Despite having lower debt amounts overall, Texans have worse credit histories than most Americans. Experts state that consistently late loan payments are responsible for the state’s credit scores.
Texans have an average FICO credit score of 646.9, ranked 45th nationally and far lower than the national average of 695. The FICO model, which is used by all three nationwide credit bureaus, assigns scores on a scale of 300 (poor) to 850 (excellent).
Texas State Laws on Consumer Debt:
The Texas legislature has enacted a handful of laws that work in conjunction with federal laws to increase financial protection for its citizens. These laws specifically limit collection actions and credit card penalties.
Texas Debt Collection Act
The Texas Debt Collection Act is the state’s version of the federal Fair Debt Collection Practices Act (FDCPA). Both aim to protect consumers against unfair collection practices. The Texas act covers the same areas as the FDCPA; they both prohibit debt collectors from using fraudulent, abusive or misleading tactics during attempts to collect debts.
However, the federal law applies only to debt collectors working for designated debt collection agencies and professional lawyers hired for debt collection purposes. The Texas law reaches a broader scope. It applies to anyone attempting to collect a consumer debt, regardless of their affiliations.
Statute of Limitations
Texas’ four-year statute of limitations on debts works alongside the Texas Debt Collection Act. The limited time period means that debt collectors cannot sue individuals in an attempt to collect debts that are more than four years past due.
Credit Card Laws
Texas law limits credit card interest rates to 18 percent, a rate that is periodically re-evaluated. However, this only applies if the card issuer is chartered in Texas, which is rare.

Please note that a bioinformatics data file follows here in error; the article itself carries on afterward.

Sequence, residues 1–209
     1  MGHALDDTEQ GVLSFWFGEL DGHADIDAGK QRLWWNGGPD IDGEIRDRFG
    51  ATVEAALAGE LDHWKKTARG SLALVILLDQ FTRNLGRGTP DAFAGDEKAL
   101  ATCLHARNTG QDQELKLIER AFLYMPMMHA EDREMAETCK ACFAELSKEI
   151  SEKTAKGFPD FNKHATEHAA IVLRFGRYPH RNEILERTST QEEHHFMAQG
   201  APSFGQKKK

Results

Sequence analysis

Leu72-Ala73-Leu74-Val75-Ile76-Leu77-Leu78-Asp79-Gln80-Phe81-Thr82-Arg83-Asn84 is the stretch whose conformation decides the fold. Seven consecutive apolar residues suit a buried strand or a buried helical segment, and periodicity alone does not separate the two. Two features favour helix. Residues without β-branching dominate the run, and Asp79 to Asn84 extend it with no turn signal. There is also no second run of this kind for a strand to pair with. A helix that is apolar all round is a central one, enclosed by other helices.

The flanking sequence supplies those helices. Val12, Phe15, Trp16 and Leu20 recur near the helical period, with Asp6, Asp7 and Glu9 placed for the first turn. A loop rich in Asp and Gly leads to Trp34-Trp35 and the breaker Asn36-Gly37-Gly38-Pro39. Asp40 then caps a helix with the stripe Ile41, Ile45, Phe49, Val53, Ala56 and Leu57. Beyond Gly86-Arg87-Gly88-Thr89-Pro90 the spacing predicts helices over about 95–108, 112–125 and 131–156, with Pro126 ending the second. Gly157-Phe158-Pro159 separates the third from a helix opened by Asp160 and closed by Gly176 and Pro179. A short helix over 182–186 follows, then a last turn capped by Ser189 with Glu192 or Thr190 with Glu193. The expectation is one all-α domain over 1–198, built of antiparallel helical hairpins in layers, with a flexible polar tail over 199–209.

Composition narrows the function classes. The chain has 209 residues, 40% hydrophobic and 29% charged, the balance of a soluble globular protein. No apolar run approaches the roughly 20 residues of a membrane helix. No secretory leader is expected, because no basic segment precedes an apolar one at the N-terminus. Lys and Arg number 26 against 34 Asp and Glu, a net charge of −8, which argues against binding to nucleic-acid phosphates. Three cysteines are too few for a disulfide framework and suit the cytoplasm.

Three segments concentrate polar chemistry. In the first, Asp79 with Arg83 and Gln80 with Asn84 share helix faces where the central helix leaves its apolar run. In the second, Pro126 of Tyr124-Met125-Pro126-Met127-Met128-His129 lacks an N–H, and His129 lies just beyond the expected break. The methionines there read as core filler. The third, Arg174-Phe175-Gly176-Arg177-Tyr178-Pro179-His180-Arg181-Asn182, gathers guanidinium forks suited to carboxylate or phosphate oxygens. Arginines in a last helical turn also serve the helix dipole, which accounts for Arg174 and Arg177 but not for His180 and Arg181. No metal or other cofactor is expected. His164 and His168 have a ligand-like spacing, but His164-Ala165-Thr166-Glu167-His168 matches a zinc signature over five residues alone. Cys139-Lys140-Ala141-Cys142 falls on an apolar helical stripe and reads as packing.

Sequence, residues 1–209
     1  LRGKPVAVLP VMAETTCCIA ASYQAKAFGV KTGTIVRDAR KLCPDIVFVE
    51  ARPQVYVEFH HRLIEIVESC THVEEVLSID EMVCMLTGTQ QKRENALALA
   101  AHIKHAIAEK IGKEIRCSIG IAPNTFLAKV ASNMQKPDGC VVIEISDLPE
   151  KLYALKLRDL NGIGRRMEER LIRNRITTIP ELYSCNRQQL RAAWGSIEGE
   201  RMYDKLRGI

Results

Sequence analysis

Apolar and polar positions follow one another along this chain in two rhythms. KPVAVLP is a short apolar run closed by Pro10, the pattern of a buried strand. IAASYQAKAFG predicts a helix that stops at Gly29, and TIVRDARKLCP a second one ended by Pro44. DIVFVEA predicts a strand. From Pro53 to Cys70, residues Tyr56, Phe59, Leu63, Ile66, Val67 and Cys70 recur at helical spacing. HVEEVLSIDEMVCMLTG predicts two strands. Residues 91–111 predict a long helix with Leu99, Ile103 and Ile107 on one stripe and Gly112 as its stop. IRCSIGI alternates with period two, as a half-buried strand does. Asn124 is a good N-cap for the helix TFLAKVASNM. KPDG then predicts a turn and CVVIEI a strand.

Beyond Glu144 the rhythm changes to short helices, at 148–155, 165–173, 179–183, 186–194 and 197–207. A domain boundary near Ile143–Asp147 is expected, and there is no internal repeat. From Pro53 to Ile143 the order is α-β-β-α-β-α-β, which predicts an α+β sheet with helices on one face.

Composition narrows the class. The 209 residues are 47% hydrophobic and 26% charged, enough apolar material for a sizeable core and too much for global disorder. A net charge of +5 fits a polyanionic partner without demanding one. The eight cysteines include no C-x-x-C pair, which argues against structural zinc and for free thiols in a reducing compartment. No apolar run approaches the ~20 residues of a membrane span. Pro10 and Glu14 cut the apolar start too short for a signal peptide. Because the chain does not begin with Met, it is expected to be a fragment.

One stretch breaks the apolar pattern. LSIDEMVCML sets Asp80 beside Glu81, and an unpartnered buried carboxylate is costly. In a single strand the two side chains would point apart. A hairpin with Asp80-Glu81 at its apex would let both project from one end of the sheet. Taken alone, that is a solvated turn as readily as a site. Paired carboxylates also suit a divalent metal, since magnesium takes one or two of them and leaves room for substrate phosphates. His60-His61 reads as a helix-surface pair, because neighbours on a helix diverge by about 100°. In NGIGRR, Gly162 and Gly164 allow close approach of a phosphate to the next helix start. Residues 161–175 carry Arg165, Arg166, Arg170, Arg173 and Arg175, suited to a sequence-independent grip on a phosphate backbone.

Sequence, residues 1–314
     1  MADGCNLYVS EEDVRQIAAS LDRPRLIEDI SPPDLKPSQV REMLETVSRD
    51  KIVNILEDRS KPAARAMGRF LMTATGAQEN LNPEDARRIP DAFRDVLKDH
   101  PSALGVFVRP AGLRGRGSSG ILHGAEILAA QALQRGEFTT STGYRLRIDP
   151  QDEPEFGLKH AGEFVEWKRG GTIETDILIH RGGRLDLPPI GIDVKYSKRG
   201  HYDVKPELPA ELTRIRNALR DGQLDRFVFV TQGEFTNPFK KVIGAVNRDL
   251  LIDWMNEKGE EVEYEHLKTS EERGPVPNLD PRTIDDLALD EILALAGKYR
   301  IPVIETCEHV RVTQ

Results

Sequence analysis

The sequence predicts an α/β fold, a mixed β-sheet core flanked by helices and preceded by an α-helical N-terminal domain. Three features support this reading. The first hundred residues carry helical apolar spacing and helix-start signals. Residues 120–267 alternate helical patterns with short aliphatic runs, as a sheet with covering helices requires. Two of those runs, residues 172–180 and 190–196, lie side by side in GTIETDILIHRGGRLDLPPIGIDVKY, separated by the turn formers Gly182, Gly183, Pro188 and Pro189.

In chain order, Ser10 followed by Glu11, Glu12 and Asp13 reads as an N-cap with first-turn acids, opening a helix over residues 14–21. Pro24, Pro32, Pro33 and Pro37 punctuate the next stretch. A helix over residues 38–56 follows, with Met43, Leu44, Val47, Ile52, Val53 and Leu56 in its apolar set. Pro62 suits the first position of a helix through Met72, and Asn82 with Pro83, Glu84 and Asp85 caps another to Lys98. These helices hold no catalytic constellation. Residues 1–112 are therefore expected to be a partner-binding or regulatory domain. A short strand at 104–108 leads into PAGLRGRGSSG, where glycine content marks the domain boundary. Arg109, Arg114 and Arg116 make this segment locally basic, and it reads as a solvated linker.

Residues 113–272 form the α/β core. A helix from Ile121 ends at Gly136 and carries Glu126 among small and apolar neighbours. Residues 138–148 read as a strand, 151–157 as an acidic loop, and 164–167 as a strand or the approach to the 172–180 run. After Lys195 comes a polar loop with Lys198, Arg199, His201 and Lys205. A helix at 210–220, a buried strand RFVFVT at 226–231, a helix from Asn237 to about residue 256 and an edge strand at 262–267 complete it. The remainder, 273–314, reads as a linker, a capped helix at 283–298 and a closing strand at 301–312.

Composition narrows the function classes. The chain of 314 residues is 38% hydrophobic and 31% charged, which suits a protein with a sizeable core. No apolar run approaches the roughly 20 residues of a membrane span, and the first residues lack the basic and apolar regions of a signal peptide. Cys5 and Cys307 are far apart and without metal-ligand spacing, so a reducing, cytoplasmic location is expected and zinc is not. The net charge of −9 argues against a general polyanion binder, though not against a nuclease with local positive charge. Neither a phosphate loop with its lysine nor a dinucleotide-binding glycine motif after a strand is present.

Other types of loans and debts can exceed an 18-percent rate. For example, commercial loans of more than $250,000 can have interest rates up to 28 percent.
Texas law also prohibits businesses from charging customers extra for using credit cards. However, businesses are allowed to give discounts to consumers who pay with cash.
Identity Theft in Texas
In 2015, Texas had the nation’s 12th-highest total of identity theft, averaging 95.9 cases per 1000,000 residents. It is down from 10 years earlier, where there were 116 thefts per 100,000 residents.
One of the largest identity thefts in history occurred in late 2004. ChoicePoint, Inc., a Georgia-based company that kept consumer financial data records, suffered a security breach that compromised the records of more than 163,000 individuals nationwide. Texans accounted for more than 11,000 of the affected individuals, more than any other state besides California. The breach led to at least 800 identity theft cases nationwide.
About The Author
Bill “No Pay” Fay has lived a meager financial existence his entire life. He started writing/bragging about it seven years ago, helping birth Debt.org into existence as the site’s original “Frugal Man.” Prior to that, he spent more than 30 years covering college and professional sports, which are the fantasy worlds of finance. His work has been published by the Associated Press, New York Times, Washington Post, Chicago Tribune, Sports Illustrated and Sporting News, among others. His interest in sports has waned some, but his interest in never reaching for his wallet is as passionate as ever. Bill can be reached at email@example.com.